Fiction arctic summer

Published on March 5th, 2014


Arctic Summer by Damon Galgut

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Blurb: In 1912, the SS Birmingham approaches India. On board is Morgan Forster, novelist and man of letters, who is embarking on a journey of discovery. As Morgan stands on deck, the promise of a strange new future begins to take shape before his eyes. The seeds of a story start to gather at the corner of his mind: a sense of impending menace, lust in close confines, under a hot, empty sky. It will be another twelve years, and a second time spent in India, before A Passage to India, E. M. Forster’s great work of literature, is published. During these years, Morgan will come to a profound understanding of himself as a man, and of the infinite subtleties and complexity of human nature, bringing these great insights to bear in his remarkable novel. (Atlantic Books, March 2014)

Siddhartha Deb, The Guardian

“If loneliness, punctuated by moments of intimacy as well as misunderstanding, was the subject being teased out by Galgut in his previous novel, the same is true here, but refracted through a particular figure in a particular time. Fussy, gentle, perpetually middle-aged and used to thinking of himself as a “minorite”, Galgut’s Forster seems to be drawn with fidelity to the historical persona of the English novelist that has been passed down to us in his own words as well as in biographies and critical works.”

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Kate Saunders, The Times

“It is beautifully written and utterly compelling – though I’m still not sure what I think about the current vogue for fictionalised biographies (see David Lodge’s A Man of Parts about HG Wells). Aren’t they just biographies with added speculation and no index? Aren’t they, in fact, simply the dirty bits that there are never enough of in conventionally scholarly biographies? Perhaps – but Galgut manages to put across a vivid, moving account of the man that makes you want to read all his books again”

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Edmund Gordon, The Sunday Times

Galgut is also very good on how the stuff of the life is transformed into the stuff of art, and perhaps this is the perfect form in which to make those connections. For example, near the beginning of the novel, while he is on board a ship to India, Forster hears that one of his fellow passengers has accused his cabin mate of trying to kill him. His best-known biographer, PN   Furbank, merely notes that the incident (the inspiration, according to Furbank, for Forster’s late story The Other Boat) “returned to Forster’s mind nearly 40 years later”, but Galgut shows the seeds of it settling there and then … My only real criticism would be that, if anything, Galgut’s narrative sticks a little too closely to what we already know about Forster’s life.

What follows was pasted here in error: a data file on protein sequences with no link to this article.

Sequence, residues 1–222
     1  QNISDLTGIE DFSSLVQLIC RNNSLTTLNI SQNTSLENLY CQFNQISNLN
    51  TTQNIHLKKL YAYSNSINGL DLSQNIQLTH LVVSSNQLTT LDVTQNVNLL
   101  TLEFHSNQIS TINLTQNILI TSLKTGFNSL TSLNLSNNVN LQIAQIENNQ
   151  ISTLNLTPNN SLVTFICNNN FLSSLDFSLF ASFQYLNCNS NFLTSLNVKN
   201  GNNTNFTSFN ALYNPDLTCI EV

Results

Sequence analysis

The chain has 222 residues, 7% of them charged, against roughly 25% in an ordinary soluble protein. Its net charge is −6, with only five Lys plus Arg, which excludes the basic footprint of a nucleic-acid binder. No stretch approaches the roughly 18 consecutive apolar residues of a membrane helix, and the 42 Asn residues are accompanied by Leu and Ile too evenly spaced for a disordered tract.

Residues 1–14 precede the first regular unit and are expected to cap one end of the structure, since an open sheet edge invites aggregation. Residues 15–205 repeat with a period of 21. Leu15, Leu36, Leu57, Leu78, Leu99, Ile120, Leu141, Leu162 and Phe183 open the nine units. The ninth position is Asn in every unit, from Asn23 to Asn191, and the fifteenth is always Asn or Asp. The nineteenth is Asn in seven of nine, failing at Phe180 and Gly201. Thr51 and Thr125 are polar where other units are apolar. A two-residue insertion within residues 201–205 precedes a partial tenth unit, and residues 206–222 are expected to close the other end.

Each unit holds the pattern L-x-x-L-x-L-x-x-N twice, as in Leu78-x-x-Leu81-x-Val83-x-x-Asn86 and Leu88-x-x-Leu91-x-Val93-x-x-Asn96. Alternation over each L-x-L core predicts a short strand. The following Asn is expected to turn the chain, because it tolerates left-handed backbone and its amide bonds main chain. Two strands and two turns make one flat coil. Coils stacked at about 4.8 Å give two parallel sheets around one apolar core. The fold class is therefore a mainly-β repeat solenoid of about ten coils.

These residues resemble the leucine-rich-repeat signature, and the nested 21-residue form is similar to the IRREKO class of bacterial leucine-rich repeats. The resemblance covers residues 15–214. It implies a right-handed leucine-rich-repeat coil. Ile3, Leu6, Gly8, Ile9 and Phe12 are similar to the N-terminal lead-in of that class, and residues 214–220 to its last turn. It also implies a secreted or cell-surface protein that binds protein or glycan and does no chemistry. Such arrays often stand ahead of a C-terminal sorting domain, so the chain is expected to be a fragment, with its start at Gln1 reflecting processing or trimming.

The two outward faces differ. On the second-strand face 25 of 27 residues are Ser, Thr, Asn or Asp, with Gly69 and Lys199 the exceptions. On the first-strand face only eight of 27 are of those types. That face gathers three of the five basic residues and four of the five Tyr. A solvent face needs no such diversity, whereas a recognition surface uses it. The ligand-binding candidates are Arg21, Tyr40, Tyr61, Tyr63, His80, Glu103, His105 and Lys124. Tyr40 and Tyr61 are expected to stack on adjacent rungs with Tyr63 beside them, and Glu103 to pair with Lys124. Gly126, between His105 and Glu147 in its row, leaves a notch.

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Louise Jury, The Independent

“Galgut’s knowledge of his subject seems completely absorbed and lightly worn. Diehard fans will enjoy, I assume, many moments of smug pleasure at spotting biographical details later carefully deployed in the fiction.”

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Lettie Ransley, The Observer

Arctic Summer draws on Forster’s writings to conduct a bold, imaginative exploration of the novelist’s inner life. Forster’s “Indian novel” is a constant presence, and its themes and images are skilfully transposed into Galgut’s portrait of its creator.”

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Sam Leith, The Financial Times

Arctic Summer takes a while to get going. There’s a slightly paint-by-numbers quality (a corollary of Galgut’s intense fidelity to biographical fact) to the itinerary of Forster’s first Indian tour … But by the end of the book Galgut has almost completely dug himself out of his hole. This is in large part down to holding his nerve, I think. He doesn’t try to compete with Forster, and the inspiration-signposting – the sense that Arctic Summer is trying to give us the formula for Forster’s book – falls away. The concern is Forster’s inner life, and Galgut inhabits him with such sympathetic completeness, and in prose of such modest excellence, that he starts to breathe on the page.”

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Hannah Rosefield, New Statesman

“Despite its depiction of Forster’s struggle to write and to find happiness,Arctic Summer is oddly without direction. Novels about novelists can do things that biographies can’t: consider the psychological depth of Colm Tóibín’s The Master (Henry James) or the experimentation of Julian Barnes’s Arthur and George (Arthur Conan Doyle); but Galgut is too wedded to the latter genre to produce a completely successful example of the former.”

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Richard Davenport-Hines, The Spectator

“Sexual discretion, divided loyalties, camouflaged affinities, cryptic meanings, suppressed identities — both sexual and inter-racial — comprise the themes ofArctic Summer. It is a decorous, ambling, old-fashioned novel, but not a surpassing success. The timidity of a man who remains a virgin until the age of 37 makes for flat reading.”

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